Supreme Court Leaves Texas Anti-Abortion Law in Place, But Will Hear Arguments on Right to Challenge

© AFP 2022 / SAUL LOEBSupporters of legal access to abortion rally outside the Supreme Court in Washington, DC, March 2, 2016, as the Court hears oral arguments in the case of Whole Woman's Health v. Hellerstedt, which deals with access to abortion
Supporters of legal access to abortion rally outside the Supreme Court in Washington, DC, March 2, 2016, as the Court hears oral arguments in the case of Whole Woman's Health v. Hellerstedt, which deals with access to abortion - Sputnik International, 1920, 22.10.2021
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The US Supreme Court has declined an appeal by the US Department of Justice that would have suspended Texas SB 8, the nation’s most restrictive abortion law, pending litigation. However, it has decided to hear oral arguments about the issue early next month, meaning a decision could be handed down in early 2022.
The court said in a Friday decision that the Texas law would remain in place for now, but the DOJ’s filing from earlier this week would be “treated as a petition for a writ of certiorari before judgment, and the petition is granted limited to the following question: May the United States bring suit in federal court and obtain injunctive or declaratory relief against the State, state court judges, state court clerks, other state officials, or all private parties to prohibit SB 8 from being enforced.”
The date set for oral arguments is November 1, 2021.
Associate Justice Sonia Sotomayor, one of the court’s three liberal judges, approved of the decision to hear oral arguments because “Texas’ scheme raises concerns of imperative public importance,” but ultimately dissented from the high court’s overall decision because she thought such a “patently unconstitutional” law should be suspended, given the harm it will cause by remaining in effect during litigation.
“The Court’s failure to issue an administrative stay of the Fifth Circuit’s order pending its decision on this application will have profound and immediate consequences. By delaying any remedy, the Court enables continued and irreparable harm to women seeking abortion care and providers of such care in Texas - exactly as SB 8’s architects intended,” Sotomayor wrote. “Whatever equities favor caution in staying a state law under normal circumstances cannot outweigh the total and intentional denial of a constitutional right to women while this Court considers the serious questions presented.”
The law, which bans abortions at roughly six weeks after conception - the time a series of electrical pulses incorrectly termed a “heartbeat” can be detected - is enforced by the novel method of authorizing third-party lawsuits against abortion providers and those who “aid and abet” such an abortion. It is deliberately designed to evade federal challenges.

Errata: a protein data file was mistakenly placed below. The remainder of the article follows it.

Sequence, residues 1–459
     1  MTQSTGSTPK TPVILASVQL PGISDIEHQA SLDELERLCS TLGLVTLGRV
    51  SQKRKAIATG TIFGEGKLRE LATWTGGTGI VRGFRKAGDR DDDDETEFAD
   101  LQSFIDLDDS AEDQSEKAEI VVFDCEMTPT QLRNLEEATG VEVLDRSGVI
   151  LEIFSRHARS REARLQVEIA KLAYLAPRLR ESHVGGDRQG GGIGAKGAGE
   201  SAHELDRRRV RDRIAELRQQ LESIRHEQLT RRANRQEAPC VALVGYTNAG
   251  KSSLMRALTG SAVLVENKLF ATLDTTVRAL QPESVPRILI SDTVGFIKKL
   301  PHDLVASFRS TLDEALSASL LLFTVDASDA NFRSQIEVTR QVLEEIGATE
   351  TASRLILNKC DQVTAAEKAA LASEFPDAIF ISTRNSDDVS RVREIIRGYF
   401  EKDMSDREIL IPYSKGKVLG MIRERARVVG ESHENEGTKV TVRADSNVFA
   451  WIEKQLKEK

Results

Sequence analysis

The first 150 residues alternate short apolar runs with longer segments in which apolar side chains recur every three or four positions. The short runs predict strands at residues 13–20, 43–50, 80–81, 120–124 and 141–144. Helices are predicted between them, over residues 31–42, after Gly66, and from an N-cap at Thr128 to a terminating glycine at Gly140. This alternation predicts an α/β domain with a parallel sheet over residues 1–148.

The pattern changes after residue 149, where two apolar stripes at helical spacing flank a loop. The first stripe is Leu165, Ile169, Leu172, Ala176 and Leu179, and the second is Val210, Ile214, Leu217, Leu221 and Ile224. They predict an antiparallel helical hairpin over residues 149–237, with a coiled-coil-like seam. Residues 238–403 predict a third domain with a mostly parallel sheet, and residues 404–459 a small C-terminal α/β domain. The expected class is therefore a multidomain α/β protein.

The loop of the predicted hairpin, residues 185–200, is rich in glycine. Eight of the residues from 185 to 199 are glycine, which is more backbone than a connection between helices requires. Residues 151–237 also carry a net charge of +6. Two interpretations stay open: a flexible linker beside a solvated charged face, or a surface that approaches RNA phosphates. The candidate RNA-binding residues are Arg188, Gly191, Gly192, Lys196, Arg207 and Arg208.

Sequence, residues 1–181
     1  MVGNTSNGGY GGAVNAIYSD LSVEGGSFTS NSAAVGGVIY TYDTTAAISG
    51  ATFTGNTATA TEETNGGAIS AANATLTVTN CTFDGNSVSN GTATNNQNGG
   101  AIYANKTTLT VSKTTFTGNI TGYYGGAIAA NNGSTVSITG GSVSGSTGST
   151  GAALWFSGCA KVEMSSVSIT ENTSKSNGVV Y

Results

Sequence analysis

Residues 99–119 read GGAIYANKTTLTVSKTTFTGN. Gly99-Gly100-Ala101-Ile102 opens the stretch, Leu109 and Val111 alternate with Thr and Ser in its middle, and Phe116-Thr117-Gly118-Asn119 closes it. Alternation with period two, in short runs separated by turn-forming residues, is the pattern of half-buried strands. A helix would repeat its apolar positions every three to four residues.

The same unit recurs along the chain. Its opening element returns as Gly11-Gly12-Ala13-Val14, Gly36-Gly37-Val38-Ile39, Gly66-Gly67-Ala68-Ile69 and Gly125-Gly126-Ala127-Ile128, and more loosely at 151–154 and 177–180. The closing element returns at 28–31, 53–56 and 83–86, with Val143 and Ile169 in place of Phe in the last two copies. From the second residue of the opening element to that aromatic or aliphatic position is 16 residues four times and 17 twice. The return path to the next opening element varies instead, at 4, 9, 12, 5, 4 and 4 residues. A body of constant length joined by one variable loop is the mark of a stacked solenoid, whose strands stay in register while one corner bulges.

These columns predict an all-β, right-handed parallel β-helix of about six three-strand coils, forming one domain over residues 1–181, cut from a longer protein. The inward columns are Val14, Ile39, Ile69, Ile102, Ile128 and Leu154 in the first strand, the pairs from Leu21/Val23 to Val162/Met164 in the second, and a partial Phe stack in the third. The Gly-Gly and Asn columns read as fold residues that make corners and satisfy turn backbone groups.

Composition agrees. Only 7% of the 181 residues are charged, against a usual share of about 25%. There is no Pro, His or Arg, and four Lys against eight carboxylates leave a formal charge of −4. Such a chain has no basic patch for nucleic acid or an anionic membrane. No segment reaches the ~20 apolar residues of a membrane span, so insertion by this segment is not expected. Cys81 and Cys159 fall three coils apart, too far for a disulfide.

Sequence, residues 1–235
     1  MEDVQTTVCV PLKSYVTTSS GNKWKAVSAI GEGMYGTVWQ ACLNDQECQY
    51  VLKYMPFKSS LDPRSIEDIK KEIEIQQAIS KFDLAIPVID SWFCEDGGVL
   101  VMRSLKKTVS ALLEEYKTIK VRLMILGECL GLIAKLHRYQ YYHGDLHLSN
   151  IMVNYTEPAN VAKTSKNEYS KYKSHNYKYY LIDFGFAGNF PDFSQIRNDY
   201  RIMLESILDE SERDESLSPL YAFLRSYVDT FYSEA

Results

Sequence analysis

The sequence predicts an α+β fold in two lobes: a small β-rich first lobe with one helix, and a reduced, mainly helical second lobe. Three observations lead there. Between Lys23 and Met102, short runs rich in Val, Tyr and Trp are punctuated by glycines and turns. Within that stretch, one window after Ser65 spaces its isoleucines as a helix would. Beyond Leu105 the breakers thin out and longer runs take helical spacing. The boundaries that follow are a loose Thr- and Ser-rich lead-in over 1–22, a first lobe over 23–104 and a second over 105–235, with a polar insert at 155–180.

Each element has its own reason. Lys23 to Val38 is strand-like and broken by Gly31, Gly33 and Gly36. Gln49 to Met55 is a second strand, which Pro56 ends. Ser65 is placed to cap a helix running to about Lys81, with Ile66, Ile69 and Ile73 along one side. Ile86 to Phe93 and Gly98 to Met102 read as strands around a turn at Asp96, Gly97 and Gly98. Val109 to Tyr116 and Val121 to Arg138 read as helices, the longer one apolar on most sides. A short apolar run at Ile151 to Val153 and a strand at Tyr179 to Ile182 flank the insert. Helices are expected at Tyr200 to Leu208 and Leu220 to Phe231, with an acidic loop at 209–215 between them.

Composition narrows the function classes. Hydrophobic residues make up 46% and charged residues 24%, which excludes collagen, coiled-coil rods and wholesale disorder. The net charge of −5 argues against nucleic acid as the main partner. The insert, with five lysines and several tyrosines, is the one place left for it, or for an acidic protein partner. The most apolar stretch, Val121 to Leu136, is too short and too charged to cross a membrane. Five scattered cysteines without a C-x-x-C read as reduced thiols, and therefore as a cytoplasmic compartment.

It would also seem to be in violation of the high court’s 1973 ruling in the Roe v. Wade case, which established the legal right to an abortion and laid out a framework for the legal regulation of abortions. The court said lawmakers couldn’t restrict abortions during the first trimester, which lasts until the 13th week of pregnancy, and couldn’t ban abortions before viability outside the womb, which is possible at roughly 22 to 24 weeks into the pregnancy.

The Supreme Court is due to hear another abortion case, Dobbs vs. Jackson Women’s Health Organization, a month after the challenge to the Texas law, which is called United States vs. Texas. In the Dobbs case, which concerns a similar law in Mississippi that bans abortions after 15 weeks, the state has directly asked the high court to reconsider the Roe decision.

Twelve US states dominated by Republican politics have already passed so-called “trigger laws” that would automatically take effect if Roe v. Wade is overturned, banning abortion in those states the moment it becomes legal for them to do so.
On the other side, Democrats in the US House of Representatives passed a bill last month that would create a federal right to an abortion, codifying the Roe decision into US law. However, it is unlikely to pass the Senate, where Republicans can block it from ever coming to a vote by using the filibuster rule. Abortion rights advocates also held a large rally in Washington, DC, earlier this month, calling for passage of the bill and a general defense of abortion rights.
An earlier version of this story incorrectly stated the Supreme Court was hearing arguments on Whole Woman’s Health vs. Jackson on December 1. The correct case is Dobbs vs. Jackson Women's Health Organization.
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